Today marks 10 years since soccer legend George Best passed away.
One-time Manchester United starlet Best was honoured earlier this year with an exhibition at the National Football Museum in Manchester.
Back in 2003, when the museum was based at Preston’s Deepdale stadium, Bestie was inducted into their Hall of Fame and JP’s North West sports editor Peter Storey went along to meet his boyhood hero.
When I was five or six-years-old my mum bought me my first football. It was an orange and black plastic Frido ‘flyaway’ type.
And after begging my dad for days to come out for a kickabout with me, he finally did – and kicked it straight onto the roof of Maxted’s Removals and I never laid eyes on it again.
Why do I remember the ball so vividly – after all, I only had it for a few days?
It wasn’t because of its fate or the disappointment I felt at not having a ball (I had a long wait for the next one). Nor was it because it was my first.
No, it was none of these things. The reason that football meant so much to a six-year-old boy growing up in the backstreets of Old Trafford was that it bore the signature of his hero… George Best.
Just a few months earlier Bestie had scored an extra-time winner in the European Cup final at Wembley in 1968.
My dad was nominally a Manchester City fan (although I never recall him dragging me to Maine Road thankfully) but from that moment against Benfica I was a Red.
My eldest sister made me a scrapbook with all the newspaper cuttings from that glorious 4-1 triumph over Benfica and I cherished it for years.
I got my first United kit for my seventh birthday in the days before squad names and numbers, and was aghast when I stood proudly at the front door only for the milkman to enquire if I was Bobby Charlton.
“I’m George Best of course,” I told him.
You could see the floodlights of Old Trafford from the front windows of our house and for many years that was the nearest I got to my idol, George, until Greater Manchester Police saw fit to block out the skyline with their new headquarters.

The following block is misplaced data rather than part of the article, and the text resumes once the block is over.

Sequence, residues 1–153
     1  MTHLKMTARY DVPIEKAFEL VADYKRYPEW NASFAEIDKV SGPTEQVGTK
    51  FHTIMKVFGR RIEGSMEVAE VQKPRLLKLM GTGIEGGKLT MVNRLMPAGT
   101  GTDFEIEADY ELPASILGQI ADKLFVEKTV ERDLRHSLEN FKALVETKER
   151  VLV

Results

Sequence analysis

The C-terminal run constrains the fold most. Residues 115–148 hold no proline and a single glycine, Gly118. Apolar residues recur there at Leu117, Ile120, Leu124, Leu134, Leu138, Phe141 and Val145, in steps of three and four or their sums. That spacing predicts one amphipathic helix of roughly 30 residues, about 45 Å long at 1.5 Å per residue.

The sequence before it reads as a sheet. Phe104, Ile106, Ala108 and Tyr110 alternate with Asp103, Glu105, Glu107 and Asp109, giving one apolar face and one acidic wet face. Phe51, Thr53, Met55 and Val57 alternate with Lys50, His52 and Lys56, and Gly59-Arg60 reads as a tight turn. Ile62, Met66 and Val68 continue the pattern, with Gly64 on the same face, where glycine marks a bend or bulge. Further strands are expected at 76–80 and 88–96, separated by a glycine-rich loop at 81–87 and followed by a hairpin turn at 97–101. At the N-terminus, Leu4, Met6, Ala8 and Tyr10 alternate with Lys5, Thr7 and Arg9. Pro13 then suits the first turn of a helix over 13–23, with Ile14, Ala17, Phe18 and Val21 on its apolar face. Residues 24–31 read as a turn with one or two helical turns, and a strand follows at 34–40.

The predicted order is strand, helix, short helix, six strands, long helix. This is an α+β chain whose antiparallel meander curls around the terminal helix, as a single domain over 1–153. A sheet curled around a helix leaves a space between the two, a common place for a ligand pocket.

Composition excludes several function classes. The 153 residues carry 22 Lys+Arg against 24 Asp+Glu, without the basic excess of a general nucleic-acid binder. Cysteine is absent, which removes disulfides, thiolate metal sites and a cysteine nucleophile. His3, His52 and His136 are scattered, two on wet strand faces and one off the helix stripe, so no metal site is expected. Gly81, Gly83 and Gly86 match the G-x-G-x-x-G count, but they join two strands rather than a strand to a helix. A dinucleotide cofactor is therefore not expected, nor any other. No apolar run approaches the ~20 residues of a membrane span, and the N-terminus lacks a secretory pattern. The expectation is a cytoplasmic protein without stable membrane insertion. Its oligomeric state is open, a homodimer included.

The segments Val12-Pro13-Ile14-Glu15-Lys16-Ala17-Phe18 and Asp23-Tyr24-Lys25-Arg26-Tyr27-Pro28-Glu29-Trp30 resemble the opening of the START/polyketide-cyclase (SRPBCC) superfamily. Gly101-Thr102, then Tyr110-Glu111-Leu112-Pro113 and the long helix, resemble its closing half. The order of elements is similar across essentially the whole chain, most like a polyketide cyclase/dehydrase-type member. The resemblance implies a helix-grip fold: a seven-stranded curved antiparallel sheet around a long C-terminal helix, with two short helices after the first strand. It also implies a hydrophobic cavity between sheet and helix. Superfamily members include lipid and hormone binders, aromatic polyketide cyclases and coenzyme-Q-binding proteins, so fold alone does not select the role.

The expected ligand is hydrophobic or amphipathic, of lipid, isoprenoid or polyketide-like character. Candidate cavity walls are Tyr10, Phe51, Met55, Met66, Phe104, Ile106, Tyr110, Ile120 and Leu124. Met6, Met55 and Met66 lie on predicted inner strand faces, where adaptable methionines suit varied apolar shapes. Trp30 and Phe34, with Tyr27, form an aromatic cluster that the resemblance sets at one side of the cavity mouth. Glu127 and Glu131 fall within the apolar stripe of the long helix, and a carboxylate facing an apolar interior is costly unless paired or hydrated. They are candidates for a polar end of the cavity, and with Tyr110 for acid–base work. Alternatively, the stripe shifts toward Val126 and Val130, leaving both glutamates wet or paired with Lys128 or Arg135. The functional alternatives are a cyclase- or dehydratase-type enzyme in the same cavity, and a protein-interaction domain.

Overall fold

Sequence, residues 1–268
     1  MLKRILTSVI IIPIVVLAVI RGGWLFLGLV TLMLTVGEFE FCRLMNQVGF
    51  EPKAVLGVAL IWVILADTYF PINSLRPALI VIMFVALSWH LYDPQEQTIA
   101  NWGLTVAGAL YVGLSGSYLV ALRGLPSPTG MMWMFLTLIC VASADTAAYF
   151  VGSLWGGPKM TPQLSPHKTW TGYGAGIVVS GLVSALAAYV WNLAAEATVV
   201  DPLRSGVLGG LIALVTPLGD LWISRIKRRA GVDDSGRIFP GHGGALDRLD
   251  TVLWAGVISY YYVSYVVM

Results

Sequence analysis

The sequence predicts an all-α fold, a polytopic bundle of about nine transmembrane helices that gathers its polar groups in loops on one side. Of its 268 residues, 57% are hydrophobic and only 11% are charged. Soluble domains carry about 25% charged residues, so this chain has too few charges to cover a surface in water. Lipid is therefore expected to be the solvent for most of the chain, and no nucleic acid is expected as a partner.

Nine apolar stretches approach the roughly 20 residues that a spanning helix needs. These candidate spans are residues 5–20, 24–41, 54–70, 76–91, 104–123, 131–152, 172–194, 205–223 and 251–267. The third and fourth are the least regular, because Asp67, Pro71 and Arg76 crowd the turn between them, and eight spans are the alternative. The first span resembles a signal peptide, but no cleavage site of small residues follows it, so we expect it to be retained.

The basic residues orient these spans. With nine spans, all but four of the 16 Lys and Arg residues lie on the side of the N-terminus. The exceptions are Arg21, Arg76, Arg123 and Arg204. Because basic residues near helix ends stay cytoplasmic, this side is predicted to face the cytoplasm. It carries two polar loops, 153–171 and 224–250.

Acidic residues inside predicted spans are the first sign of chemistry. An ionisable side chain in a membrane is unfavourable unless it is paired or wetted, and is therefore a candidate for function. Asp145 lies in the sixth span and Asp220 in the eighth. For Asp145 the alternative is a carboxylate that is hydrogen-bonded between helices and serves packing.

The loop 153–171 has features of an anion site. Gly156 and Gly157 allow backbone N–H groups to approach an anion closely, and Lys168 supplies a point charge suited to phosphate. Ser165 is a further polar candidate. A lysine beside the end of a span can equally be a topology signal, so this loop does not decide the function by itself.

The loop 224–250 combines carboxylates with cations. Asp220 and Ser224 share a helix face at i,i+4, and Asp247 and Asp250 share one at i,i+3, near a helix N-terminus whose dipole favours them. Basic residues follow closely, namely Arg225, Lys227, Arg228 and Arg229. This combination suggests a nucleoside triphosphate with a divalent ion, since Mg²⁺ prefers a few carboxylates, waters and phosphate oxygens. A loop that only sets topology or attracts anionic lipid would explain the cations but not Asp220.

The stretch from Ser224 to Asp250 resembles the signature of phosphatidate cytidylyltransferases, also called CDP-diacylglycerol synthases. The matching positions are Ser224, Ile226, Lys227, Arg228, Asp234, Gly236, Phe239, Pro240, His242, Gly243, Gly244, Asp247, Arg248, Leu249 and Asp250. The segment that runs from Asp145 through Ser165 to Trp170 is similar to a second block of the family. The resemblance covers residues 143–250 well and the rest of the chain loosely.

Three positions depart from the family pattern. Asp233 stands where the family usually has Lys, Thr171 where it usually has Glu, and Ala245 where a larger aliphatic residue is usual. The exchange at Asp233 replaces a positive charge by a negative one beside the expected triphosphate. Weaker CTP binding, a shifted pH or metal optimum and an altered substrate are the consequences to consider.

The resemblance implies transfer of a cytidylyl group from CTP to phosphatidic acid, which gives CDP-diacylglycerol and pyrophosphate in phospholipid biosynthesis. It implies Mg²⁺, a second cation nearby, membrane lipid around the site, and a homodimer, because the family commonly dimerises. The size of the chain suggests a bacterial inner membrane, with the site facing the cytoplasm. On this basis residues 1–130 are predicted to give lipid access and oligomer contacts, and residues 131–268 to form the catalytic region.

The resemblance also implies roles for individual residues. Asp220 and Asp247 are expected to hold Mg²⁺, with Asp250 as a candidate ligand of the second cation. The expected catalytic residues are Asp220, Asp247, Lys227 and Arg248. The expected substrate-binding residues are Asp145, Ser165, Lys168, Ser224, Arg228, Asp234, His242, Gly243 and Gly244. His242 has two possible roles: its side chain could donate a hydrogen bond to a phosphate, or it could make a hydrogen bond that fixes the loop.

On one of the many occasions I read about George being ‘dropped’ by Matt Busby, I remember one of my sisters telling me this meant he’d never play for United again. I was devastated.
Of course, I discovered she was wrong, but ultimately her fateful prediction came true and Best was lost to United, to top-flight English football, and to me.
By the time I was old enough to stand on the Stretford End, Bestie was long gone. I only saw him play once in the flesh. Bearded, and a little portly, he turned out for Paddy Crerand’s testimonial in 1975, part of a 1968 team playing against the present day side of Pearson, Coppell, Macari and Co.
But he still had magic in his feet. He’d scored a wonder goal playing in the US for Fort Lauderdale Strikers which has been replayed time and again. Bestie still had it.
And so had I – hero worship.
George was never truly replaced in my affections by any other United player, although I always had my favourites (still do, of course).
And so when I discovered he would be in Preston this week, at the National Football Museum to hand over his 1968 European Footballer of the Year award and belatedly receive his induction to the museum’s Hall of Fame after his health problems prevented him attending the earlier event, there was only one place I wanted to be yesterday afternoon.
George, perhaps typically, was an hour late. I told myself I wouldn’t have waited for anyone else so long, but this was Georgie Best, once boy genius, now football icon.
The Press huddle were told of George not being in a particularly good humour – his visit might be short and not so sweet, we were warned.
After all these years I feared my illusions would be shattered.
Best, of course, has taken his fair share of flak in the newspapers after going back to the booze following his liver transplant.
In truth it is difficult to argue with those sentiments.
But it was George Best footballer I had come to meet and in a few moments he appeared, looking a little nervous and wary of the gathered journalists and camera crews.
But I needn’t have feared. He was charming, gave a short but eloquent speech and patiently answered all our questions and posed for photographs. I was relieved.
He even autographed a 60s United jersey for me afterwards – I felt like a little boy again.
George revealed that no less than the great Pele is putting together his Top 100 footballers of all time and that he understands he will figure in it. I asked him if it was true that, a few years ago, Pele had described George as the greatest player in the world.
“He did,” said Bestie. “Just to be mentioned by someone of Pele’s standing is a fantastic honour. I watched a video of Maradona recently, and he said the same thing about me.”
He added: “If it’s good enough for Pele, it’s good enough for me.”
And me, George, and me.